Lively, entertaining reviews of, and essays on, old and newer films and everything relating to them, written by professional author William Schoell.

Thursday, August 6, 2015


GEORGE WASHINGTON SLEPT HERE (1942). Director: William Keighley. Based on the stage play by Kaufman and Hart.

Bill Fuller (Jack Benny) is a harried husband whose wife, Connie (Ann Sheridan), wants to move to the country, a situation which does not sit well with Bill and even less with the opinionated maid, Hester (Hattie McDaniel), who threatens to resign at any second. The house Connie buys on the sly is a dilapidated wreck that is falling down around them, but Connie is impressed with the story that George Washington may have once stayed there. Unfortunately, Mr. Kimber (Percy Kilbride, playing a role similar to his "Pa Kettle" in The Egg and I  five years later), can't seem to find water in the well; neighbor Mr. Prescott (Charles Dingle) gets them into a legal hassle involving property lines; and unwelcome visitors include scamp nephew Raymond (Douglas Croft of Batman), free-loading Uncle William (Charles Coburn). and a cow who walks in through a hole in the wall of the kitchen. And wait'll you get a load of the seventy-year-locusts! In addition to these great cast members , we have John Emery and Lee Patrick as a couple who stop by during a storm, and the ever-delightful Franklin Pangborn as the manager of the Fuller's apartment house. Joyce Reynolds plays Connie's younger sister, Madge; Harvey Stephens is a helpful neighbor; and William Tracy is Madge's beau. Kaufman and Hart also wrote The Man Who Came to Dinner and You Can't Take It With You.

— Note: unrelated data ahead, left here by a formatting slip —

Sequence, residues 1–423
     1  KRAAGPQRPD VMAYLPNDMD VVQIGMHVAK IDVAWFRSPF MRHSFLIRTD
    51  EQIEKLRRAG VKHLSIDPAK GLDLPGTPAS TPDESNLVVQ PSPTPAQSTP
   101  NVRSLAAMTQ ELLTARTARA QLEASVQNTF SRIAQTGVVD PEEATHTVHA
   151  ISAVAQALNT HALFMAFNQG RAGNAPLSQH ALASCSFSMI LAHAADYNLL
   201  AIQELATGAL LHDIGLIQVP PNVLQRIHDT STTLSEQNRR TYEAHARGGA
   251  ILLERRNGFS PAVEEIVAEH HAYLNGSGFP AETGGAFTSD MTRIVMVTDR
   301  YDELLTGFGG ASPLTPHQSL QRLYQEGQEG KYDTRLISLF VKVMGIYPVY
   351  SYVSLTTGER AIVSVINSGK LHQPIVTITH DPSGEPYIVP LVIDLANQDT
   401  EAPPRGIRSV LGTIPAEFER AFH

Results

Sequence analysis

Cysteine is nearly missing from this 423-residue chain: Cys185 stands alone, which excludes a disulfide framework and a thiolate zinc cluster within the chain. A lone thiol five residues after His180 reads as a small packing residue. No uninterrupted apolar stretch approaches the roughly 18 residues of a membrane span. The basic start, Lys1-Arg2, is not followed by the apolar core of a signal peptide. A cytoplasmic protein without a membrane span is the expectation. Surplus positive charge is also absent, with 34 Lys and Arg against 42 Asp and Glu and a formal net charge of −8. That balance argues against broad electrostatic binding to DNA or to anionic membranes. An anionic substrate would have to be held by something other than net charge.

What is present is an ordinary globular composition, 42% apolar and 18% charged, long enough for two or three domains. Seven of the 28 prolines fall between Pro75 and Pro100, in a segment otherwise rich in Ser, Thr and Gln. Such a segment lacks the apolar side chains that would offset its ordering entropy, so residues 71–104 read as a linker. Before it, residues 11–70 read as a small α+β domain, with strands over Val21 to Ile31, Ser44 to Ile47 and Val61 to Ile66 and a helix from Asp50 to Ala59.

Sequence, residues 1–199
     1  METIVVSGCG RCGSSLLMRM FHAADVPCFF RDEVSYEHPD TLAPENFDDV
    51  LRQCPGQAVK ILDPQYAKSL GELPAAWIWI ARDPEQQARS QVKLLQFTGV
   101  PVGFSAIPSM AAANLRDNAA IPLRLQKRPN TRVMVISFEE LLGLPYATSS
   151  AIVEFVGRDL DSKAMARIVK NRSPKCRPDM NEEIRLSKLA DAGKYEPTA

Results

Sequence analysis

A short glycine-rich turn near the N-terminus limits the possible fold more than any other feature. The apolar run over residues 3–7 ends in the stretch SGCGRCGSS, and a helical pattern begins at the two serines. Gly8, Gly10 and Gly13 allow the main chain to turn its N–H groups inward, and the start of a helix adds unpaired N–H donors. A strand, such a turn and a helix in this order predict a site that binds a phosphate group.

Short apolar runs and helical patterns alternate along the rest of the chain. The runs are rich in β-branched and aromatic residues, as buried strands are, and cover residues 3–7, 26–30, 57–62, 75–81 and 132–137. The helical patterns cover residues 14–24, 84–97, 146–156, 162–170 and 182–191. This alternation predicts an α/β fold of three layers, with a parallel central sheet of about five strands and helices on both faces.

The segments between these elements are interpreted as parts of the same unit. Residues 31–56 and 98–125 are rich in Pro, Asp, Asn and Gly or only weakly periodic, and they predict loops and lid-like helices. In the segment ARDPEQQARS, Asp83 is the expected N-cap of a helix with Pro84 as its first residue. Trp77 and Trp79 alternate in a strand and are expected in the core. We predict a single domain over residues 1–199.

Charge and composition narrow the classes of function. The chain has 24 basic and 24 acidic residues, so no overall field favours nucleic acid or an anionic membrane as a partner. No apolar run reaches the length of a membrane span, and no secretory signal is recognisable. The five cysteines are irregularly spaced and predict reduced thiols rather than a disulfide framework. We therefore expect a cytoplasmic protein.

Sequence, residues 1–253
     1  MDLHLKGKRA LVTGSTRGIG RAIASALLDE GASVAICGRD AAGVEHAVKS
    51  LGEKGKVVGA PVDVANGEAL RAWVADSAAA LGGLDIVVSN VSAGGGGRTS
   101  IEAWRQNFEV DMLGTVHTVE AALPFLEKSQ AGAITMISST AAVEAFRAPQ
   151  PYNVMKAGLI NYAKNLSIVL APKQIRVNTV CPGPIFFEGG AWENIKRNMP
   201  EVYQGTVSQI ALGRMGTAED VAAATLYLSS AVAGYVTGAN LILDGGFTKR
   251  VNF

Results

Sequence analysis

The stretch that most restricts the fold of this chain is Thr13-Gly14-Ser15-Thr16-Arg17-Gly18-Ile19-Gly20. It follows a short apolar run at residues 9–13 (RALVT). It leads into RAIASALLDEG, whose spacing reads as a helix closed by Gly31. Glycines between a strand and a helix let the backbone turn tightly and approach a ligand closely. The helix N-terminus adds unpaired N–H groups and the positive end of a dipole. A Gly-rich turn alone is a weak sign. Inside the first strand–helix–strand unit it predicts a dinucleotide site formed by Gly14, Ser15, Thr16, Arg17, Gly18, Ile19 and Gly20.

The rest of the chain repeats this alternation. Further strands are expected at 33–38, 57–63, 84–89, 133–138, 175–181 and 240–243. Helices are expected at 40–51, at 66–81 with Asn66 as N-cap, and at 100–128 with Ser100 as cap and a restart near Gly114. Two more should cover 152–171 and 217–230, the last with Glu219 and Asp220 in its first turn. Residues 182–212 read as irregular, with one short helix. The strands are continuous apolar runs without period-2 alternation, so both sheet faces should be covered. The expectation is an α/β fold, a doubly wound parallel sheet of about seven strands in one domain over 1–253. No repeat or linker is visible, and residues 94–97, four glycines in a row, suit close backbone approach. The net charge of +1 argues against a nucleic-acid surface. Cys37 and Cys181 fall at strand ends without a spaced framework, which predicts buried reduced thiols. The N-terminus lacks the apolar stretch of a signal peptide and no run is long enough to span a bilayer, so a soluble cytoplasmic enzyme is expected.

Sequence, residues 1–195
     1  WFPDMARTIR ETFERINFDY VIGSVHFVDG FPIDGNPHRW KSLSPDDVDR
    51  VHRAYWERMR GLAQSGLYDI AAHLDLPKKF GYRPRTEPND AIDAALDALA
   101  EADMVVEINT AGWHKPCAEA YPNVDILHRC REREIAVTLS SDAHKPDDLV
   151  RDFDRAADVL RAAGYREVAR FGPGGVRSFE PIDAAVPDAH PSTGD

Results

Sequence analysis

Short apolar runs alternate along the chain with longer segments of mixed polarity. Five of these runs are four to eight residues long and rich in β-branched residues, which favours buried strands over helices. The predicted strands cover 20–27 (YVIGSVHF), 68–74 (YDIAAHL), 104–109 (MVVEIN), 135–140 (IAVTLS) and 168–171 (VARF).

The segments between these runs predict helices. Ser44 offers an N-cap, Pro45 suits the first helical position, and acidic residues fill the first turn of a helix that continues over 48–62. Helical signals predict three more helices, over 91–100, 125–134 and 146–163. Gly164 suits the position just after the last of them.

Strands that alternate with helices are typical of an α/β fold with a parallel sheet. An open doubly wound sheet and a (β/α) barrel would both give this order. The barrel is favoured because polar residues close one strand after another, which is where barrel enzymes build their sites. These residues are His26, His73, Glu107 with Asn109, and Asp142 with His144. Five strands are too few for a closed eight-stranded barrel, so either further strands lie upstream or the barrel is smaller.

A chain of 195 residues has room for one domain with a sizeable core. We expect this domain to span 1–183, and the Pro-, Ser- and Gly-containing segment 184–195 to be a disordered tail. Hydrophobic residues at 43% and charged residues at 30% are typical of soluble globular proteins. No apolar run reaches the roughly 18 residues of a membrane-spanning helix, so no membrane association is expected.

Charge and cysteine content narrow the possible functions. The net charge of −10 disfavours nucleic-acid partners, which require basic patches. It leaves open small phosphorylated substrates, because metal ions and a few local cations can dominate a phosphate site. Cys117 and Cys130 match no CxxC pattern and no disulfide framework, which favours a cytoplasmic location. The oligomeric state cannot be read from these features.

Verdict: A very, very funny movie. ***1/2.


Neil A Russell said...

I've been wanting to see this movie for years.
Jack essentially "discovered" Percy Kilbride after seeing him on the stage in this very play in New York and fought the head office to get a screen test for Kilbride even offering to pay all the expenses for the shoot.
I found it interesting that the roles from the play are reversed by the leads here so that Jack could end up with most of the choice funny lines. That wasn't because he demanded it, it's just that it worked better for Jack to be the foil to Anne Sheridan's straight role.
Since I always loved "Mr Blandings Builds his Dream House" I figured this would be something along the same lines.
On a minor note both movies have a native of Georgia in them; Melvyn Douglas of Macon in Blandings and Charles Coburn from Savannah in this picture.

So many fine old movies, so little time!!

William said...

You can say that again! Haven't seen Blandings in years so I'm going to look for it.

Do you mean that Percy Kilbride played the male lead on the stage, and Jack Benny took over that role for the movie? I can't picture Kilbride, good as he was, as the lead in the movie, especially not with Ann Sheridan as his wife, ha!